Another sector that is interest rate sensitive is real estate, which is likely to underperform if interest rates stay higher for longer because the sector is leveraged and will suffer an increased cost of debt. 

Short duration assets are less impacted by changes in interest rates. Energy would be an example of a short duration asset (again discussed last week). That’s not the reason it’s performing well at the moment (which is of course the strength in the oil price), but it helps.

Changes in interest rates affect exchange rates too, and the dollar rose on the strength of the CPI report. In response, the Japanese Ministry of Finance employed vague threats of intervention to try and support the yen. 

These may not have been idle threats because as I am writing, the yen is rallying sharply.

The pound has been overshadowed by the inflation-boosted dollar and short-squeezed yen. Despite this, there was more evidence of a cyclical upturn in UK economic activity. The British Retail Consortium (BRC)’s retail sales survey suggests that March will see retail sales volumes expanding. The Royal Institution of Chartered Surveyors (RICS) house price balance suggests that house prices will continue to rise over the coming months. Today’s UK gross domestic product (GDP) report showed modest expansion, enough to confirm that the recession (such as it was) is firmly behind us and that once March’s data are confirmed, the first quarter of growth this year should be ahead of the Bank of England’s forecasts.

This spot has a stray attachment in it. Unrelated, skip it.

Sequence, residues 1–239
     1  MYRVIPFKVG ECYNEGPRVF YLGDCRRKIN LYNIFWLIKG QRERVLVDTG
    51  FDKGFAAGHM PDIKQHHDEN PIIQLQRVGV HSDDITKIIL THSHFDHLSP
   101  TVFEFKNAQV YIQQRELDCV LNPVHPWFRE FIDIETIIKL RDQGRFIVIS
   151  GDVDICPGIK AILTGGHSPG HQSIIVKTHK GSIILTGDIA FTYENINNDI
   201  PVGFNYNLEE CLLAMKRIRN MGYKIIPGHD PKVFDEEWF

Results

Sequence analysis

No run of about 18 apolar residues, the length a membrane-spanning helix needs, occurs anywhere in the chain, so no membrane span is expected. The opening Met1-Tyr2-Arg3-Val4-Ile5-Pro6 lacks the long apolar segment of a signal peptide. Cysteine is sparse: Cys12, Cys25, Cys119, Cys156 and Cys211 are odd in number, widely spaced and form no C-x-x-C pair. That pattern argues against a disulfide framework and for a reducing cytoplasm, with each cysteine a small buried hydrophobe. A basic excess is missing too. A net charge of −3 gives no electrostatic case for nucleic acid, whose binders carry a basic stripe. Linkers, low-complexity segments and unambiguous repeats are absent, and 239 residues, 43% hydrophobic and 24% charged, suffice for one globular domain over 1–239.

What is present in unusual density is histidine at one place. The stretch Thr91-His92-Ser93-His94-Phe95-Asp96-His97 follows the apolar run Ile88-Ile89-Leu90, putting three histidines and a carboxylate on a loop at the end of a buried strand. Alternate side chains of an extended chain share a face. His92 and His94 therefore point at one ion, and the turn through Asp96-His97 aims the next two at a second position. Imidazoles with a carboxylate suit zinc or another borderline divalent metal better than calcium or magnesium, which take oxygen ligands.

The important rule when using forecasts is summed up in a brilliant piece of wisdom attributed to economist John Maynard Keynes:

“It’s better to be roughly right than precisely wrong”

The value of investments can fall and you may get back less than you invested. Neither simulated nor actual past performance are reliable indicators of future performance. Performance is quoted before charges which will reduce illustrated performance. Investment values may increase or decrease as a result of currency fluctuations. Information is provided only as an example and is not a recommendation to pursue a particular strategy. Information contained in this document is believed to be reliable and accurate, but without further investigation cannot be warranted as to accuracy or completeness. Forecasts are not a reliable indicator of future performance.